The University of Tampa is broadening the notion that research is exclusive to faculty or graduate students by celebrating undergraduate student researchers with a week of recognition.
UT, a small private university
located at 401 W. Kennedy Blvd. on the Hillsborough riverfront in the growing heart of downtown Tampa, serves over 7,500 students from all 50 states and 137 countries. During the Undergraduate Research Celebration (URC)
April 23-27, UT will recognize undergraduate students who have developed a better understanding of their subjects of interest and deepened ties with professors through participation in research projects.
URC events “are opportunities for networking and discussion, and celebrate the accomplishments of UT's undergraduate scholars,“ says Dr. Eric Freundt, an assistant professor of biology in UT’s College of Natural and Health Sciences
. “These events lead to cross-disciplinary collaboration and improve the intellectual exchange across campus.”
On Thursday, April 23, UT will kick off URC festivities by celebrating Honors Day, during which Honors Program
undergraduate research fellows will receive recognition and give oral presentations on recently completed or current research projects.
The following day, Friday, April 24, the CNHS Undergraduate Research Symposium will take place. CNHS students will present research projects in Plant Hall's Fletcher Lounge from 3:00-5:00 pm. Sara McGrath, a research chemist at the FDA Center for Food Safety and Applied Nutrition
, will give a keynote presentation on the topic of seafood safety challenges at the FDA in Sykes College of Business, Room 131, at 2 pm.
Friday is also the Sykes CoB Student Research Day, during which students from the UT CoB will present research projects in the Cass Gym, from 3-5 pm.
Finally, the UT College of Social Sciences, Mathematics and Education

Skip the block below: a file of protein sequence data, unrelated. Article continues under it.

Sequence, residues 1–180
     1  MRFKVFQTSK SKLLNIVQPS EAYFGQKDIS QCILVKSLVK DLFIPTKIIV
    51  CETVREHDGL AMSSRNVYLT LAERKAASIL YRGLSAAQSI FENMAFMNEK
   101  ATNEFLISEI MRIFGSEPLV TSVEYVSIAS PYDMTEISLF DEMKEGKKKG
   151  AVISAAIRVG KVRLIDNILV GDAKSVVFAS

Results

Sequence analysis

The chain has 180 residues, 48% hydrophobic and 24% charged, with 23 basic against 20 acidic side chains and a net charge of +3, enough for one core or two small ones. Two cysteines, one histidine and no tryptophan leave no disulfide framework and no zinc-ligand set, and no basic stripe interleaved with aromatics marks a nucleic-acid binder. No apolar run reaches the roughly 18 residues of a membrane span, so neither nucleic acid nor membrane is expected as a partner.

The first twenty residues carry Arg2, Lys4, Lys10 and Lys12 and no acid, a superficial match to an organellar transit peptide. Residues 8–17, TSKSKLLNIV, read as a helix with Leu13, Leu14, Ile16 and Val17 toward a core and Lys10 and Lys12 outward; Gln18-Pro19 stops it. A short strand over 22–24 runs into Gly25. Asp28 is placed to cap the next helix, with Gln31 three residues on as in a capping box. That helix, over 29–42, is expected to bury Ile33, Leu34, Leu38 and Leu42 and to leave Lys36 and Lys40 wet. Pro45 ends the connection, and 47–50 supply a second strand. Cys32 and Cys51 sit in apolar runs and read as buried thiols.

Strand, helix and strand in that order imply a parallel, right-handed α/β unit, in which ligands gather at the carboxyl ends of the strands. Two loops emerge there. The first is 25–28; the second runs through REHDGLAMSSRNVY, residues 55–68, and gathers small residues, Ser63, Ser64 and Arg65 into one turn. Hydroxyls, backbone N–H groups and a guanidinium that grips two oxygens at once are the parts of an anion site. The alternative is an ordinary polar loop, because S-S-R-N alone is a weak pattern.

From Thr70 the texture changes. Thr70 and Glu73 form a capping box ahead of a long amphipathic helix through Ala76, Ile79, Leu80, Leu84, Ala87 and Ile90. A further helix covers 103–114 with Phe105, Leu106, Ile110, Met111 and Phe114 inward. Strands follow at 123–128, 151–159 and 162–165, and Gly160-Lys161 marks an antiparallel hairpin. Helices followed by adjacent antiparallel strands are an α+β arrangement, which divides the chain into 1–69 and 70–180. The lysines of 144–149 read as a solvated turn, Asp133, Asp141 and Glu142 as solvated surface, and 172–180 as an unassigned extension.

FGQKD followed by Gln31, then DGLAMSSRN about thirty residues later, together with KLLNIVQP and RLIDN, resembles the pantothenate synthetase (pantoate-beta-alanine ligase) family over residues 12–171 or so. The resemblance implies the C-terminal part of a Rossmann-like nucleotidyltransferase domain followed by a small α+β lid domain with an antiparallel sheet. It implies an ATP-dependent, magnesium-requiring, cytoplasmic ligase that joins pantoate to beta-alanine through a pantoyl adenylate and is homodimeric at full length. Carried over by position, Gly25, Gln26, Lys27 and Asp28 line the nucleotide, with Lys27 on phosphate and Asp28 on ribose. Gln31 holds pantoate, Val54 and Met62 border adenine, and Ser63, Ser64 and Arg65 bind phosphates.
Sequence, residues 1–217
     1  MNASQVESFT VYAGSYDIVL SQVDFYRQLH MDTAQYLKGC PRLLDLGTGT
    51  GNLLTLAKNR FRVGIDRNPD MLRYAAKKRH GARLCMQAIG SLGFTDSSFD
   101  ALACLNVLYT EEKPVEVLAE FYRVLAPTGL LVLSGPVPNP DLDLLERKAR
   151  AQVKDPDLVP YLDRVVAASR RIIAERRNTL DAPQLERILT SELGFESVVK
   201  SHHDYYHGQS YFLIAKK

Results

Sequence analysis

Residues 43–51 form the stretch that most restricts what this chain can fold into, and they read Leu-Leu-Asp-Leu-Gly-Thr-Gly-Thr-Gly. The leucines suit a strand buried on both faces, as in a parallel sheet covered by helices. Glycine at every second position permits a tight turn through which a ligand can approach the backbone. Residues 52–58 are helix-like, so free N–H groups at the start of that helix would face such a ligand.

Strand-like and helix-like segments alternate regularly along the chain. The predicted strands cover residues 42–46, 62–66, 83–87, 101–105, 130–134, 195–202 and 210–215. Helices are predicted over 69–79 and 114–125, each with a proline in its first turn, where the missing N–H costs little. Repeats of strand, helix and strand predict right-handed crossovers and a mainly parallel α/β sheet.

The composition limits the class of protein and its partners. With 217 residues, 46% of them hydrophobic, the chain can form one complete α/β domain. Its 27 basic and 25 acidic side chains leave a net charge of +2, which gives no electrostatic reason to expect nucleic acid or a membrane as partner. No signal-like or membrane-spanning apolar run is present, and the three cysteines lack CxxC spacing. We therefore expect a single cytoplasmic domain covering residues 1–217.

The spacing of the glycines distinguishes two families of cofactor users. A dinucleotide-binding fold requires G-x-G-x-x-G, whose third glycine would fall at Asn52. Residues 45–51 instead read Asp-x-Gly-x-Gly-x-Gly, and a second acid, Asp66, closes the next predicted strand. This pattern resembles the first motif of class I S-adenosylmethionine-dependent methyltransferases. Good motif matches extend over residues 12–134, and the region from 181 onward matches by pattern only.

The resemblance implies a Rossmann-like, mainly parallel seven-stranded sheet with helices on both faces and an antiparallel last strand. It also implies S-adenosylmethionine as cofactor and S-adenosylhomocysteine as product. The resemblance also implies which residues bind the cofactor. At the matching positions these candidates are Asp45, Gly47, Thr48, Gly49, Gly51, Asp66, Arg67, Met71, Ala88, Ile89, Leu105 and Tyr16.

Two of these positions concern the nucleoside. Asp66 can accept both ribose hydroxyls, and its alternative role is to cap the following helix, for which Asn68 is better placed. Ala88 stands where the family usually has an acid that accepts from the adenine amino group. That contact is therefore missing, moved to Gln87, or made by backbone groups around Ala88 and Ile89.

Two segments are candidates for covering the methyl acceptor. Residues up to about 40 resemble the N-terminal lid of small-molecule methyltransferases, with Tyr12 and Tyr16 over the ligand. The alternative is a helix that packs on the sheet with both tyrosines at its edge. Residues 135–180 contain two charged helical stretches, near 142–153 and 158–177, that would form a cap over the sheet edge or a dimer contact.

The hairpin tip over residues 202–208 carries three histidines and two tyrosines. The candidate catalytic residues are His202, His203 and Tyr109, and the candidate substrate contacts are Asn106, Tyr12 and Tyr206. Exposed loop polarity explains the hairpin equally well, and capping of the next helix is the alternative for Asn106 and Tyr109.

Undergraduate Research Conference will take place on Wednesday, April 29. During the event in Plant Hall's Fletcher Lounge, CSSME students will present their original research from 4-6 pm.
Freundt explains that research helps undergraduate students develop critical-thinking skills and the ability to solve real-world problems. The focus of student presentations during the URC is the opportunity for students to share research results in a formal setting.
“Undergraduate research and creative inquiry allows students to work closely with a faculty member to conduct a high-quality, original research project,” he says. “As we often learn best through teaching, students who present must communicate the motivation behind their project, methodology, results and conclusions to a diverse audience. “Each student presentation therefore leads to a deeper understanding of their own research, sharpens their communication skills, and completes an important aspect of scholarship.”
Undergraduate Research Celebration week events are open to the local community.
“We hope that community members who attend these events can discover opportunities for mutually beneficial collaboration with our faculty and students,” Freundt says.
Results from a CNHS’s 2014 symposium, as provided by Freundt:
- Eighty percent of participants surveyed indicated that it was their first time giving a scientific presentation.
- All respondents (100%) reported feeling more confident in giving a scientific presentation after participating in the symposium.
- Seventy-seven percent of participants surveyed indicated that they spoke with students outside of their discipline.
- One hundred percent of participants surveyed learned by visiting other posters.
- Ninety-six percent of participants surveyed received helpful, personal instruction from a faculty member while preparing their poster.
- Ninety-six percent of participants surveyed learned more about their research topic.
- All respondents indicated that participation in the Symposium enhanced their overall educational experience at The University of Tampa.
Participating in undergraduate research gives future job seekers an advantage, Freundt says, because “employers are looking for college graduates with the ability to solve complex, real-world problems and who possess excellent critical thinking and communication skills.
“UT’s commitment to learning through student inquiry projects, and celebrating these students through the Undergraduate Research Celebration week, leads to UT grads who are prepared to make an impact in the local community and benefits the economy,” he says.